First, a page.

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Our Sacred Honor...

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  • Our Sacred Honor...

    Well, this is the weekend that Americans celebrate their independence from Britain. I dislike the fact that I so often overlook the reasons for holidays and that I tend to think of them as just another day that I don't have to go to work... So this is my effort to help all of us remember exactly what Independence Day is all about.

    In the interest of brevity, I've included links, but I urge you to read the pages that I'm linking to. This holiday isn't just another day off... This is when we remember an important date in history. A day of patriots. A day way back in 1776 when 56 men pledged their lives, their fortunes, and their sacred honor. A day that proud men stood up to tyranny and decided that they would govern themselves.

    First the document that started it all when it was adopted by our Continental Congress on July 4th, 1776 (and a readable transcript)

    On July 9 the action of Congress was officially approved by the New York Convention. All 13 colonies had now signified their approval. On July 19, therefore, Congress was able to order that the Declaration be "fairly engrossed on parchment, with the title and stile [sic] of 'The unanimous declaration of the thirteen United States of America,' and that the same, when engrossed, be signed by every member of Congress."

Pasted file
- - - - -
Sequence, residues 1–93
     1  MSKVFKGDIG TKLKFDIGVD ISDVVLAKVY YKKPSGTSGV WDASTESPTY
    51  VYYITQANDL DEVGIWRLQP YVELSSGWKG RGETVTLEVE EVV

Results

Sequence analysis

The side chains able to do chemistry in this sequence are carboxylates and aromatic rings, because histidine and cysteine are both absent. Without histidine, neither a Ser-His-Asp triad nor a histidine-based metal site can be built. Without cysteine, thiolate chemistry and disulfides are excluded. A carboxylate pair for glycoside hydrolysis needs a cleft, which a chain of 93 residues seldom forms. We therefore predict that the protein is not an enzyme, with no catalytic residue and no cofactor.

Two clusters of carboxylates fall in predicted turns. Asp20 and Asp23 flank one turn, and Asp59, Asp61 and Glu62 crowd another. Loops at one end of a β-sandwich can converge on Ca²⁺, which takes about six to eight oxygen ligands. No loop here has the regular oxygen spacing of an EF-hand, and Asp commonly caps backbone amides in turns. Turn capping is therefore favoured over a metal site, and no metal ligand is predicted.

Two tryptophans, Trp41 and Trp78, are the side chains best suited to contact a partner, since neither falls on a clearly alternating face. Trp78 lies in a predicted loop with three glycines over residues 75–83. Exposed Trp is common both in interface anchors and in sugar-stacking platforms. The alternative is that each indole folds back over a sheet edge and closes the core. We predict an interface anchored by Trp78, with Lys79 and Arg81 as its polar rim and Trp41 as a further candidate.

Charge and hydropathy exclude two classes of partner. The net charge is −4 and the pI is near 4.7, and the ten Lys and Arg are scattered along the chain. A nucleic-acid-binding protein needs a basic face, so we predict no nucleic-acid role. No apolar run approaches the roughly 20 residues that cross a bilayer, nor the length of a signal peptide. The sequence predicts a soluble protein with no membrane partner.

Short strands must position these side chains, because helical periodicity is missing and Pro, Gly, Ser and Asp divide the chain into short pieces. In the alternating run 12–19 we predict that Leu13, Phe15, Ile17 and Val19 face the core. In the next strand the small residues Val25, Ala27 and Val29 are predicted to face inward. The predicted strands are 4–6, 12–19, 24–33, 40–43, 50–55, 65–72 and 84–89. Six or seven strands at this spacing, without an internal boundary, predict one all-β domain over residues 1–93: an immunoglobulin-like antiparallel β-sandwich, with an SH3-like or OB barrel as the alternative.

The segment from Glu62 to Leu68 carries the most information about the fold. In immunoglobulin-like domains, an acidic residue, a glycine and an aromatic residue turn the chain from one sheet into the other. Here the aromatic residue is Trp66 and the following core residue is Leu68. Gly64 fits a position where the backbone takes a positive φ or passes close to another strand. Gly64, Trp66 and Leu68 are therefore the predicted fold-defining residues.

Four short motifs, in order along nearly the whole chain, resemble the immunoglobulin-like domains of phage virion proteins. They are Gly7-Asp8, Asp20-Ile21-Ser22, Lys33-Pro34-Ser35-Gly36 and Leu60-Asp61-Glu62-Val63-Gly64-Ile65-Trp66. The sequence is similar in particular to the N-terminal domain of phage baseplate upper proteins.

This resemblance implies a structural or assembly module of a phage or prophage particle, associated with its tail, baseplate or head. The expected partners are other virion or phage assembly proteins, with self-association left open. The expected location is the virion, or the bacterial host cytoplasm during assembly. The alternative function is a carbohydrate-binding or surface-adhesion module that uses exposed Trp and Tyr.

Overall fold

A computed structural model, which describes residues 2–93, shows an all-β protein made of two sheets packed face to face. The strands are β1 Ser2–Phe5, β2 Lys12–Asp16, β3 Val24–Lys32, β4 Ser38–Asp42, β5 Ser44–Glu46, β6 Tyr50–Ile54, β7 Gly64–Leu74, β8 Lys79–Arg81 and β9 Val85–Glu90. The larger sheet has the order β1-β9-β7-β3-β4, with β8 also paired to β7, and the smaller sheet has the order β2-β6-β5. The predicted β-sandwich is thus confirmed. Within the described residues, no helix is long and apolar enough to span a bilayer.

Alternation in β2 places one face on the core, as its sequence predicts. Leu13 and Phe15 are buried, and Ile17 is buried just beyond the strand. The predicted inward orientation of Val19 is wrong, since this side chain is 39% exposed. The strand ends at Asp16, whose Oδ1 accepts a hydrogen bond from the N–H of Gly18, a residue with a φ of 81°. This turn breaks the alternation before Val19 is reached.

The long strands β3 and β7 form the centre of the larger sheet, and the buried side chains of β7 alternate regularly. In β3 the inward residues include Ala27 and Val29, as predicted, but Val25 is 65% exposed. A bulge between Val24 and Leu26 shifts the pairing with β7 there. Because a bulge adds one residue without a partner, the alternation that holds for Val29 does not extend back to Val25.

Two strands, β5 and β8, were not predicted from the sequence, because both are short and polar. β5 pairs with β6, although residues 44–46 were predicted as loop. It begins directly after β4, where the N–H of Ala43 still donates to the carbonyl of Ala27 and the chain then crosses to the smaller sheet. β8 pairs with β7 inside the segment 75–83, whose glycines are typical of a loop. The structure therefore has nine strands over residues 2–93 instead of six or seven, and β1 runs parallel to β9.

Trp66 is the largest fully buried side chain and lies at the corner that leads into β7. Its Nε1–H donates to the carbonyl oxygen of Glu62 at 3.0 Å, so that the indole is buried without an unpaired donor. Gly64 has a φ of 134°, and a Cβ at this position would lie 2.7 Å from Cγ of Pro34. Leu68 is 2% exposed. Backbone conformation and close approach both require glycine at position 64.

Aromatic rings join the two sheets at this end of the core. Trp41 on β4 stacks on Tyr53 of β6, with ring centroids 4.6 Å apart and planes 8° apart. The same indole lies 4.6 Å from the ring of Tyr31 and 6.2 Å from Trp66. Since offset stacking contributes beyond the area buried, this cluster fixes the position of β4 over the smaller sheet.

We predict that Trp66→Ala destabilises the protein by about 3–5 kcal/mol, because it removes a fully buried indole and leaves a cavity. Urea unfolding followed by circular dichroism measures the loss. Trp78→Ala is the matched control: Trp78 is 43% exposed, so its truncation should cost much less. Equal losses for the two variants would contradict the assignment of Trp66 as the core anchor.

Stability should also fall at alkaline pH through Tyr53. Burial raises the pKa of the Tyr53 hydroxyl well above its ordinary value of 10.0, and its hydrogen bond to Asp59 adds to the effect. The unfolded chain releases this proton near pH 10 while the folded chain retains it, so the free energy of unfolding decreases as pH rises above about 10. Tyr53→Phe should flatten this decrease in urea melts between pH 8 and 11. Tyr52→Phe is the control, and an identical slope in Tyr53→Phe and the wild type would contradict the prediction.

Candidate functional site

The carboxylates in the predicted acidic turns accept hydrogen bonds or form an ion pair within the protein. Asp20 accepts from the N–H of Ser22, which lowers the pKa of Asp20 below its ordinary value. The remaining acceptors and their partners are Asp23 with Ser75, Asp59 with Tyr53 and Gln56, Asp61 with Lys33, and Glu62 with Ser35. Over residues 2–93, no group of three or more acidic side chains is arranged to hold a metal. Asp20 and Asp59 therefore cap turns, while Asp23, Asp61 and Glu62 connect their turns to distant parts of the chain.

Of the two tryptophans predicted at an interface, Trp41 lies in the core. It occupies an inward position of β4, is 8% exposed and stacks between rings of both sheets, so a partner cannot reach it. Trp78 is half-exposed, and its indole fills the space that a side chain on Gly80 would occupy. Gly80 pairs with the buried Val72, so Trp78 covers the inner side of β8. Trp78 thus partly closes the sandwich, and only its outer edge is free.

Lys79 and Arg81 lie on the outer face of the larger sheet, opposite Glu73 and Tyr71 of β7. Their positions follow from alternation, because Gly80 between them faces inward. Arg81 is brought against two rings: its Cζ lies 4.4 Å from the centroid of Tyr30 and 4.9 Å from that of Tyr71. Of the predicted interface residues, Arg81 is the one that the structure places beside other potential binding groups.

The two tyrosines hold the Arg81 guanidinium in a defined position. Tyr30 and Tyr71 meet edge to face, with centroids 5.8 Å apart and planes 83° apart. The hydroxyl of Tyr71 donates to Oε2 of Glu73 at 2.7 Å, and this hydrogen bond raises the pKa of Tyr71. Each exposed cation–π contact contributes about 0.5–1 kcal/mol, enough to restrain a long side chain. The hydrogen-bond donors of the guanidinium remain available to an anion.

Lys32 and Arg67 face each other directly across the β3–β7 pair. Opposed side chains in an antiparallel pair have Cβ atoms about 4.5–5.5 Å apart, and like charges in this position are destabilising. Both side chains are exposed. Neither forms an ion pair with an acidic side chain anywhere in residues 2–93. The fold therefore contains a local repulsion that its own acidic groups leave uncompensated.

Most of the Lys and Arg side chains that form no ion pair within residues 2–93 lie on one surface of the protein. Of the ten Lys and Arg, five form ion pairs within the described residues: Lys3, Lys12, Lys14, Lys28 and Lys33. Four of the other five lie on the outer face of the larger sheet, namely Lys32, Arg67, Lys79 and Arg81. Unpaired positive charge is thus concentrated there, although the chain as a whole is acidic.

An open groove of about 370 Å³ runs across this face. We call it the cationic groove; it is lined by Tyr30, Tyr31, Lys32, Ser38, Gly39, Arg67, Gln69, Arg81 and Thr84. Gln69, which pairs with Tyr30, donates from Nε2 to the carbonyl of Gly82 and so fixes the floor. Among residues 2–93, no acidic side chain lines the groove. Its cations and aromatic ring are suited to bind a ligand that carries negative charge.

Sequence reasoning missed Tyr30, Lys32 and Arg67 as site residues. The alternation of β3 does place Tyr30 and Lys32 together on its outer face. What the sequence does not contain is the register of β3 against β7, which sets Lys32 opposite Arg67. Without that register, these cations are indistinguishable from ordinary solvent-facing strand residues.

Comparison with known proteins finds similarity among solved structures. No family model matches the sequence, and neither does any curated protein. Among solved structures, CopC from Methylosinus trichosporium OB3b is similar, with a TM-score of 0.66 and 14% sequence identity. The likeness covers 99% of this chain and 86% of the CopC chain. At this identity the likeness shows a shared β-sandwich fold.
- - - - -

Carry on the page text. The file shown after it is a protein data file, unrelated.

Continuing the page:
Engrossing is the process of preparing an official document in a large, clear hand. Timothy Matlack was probably the engrosser of the Declaration. He was a Pennsylvanian who had assisted the Secretary of the Congress, Charles Thomson, in his duties for over a year and who had written out George Washington's commission as commanding general of the ContinentalArmy. Matlack set to work with pen, ink, parchment, and practiced hand, and finally, on August 2, the journal of the Continental Congress records that "The declaration of independence being engrossed and compared at the table was signed." One of the most widely held misconceptions about the Declaration is that it was signed on July 4, 1776, by all the delegates in attendance.

    John Hancock, the President of the Congress, was the first to sign the sheet of parchment measuring 24 by 29 inches. He used a bold signature centered below the text. In accordance with prevailing custom, the other delegates began to sign at the right below the text, their signatures arranged according to the geographic location of the states they represented. New Hampshire, the northernmost state, began the list, and Georgia, the southernmost, ended it. Eventually 56 delegates signed, although all were not present on August 2. Among the later signers were Elbridge Gerry, Oliver Wolcott, Lewis Morris, Thomas McKean, and Matthew Thornton, who found that he had no room to sign with the other New Hampshire delegates. A few delegates who voted for adoption of the Declaration on July 4 were never to sign in spite of the July 19 order of Congress that the engrossed document "be signed by every member of Congress." Nonsigners included John Dickinson, who clung to the idea of reconciliation with Britain, and Robert R. Livingston, one of the Committee of Five, who thought the Declaration was premature.

    Our Sacred Honor Let's not forget their sacrifices...

    And finally, some fireworks!
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    TacticalGamer TX LAN/BBQ Veteran:



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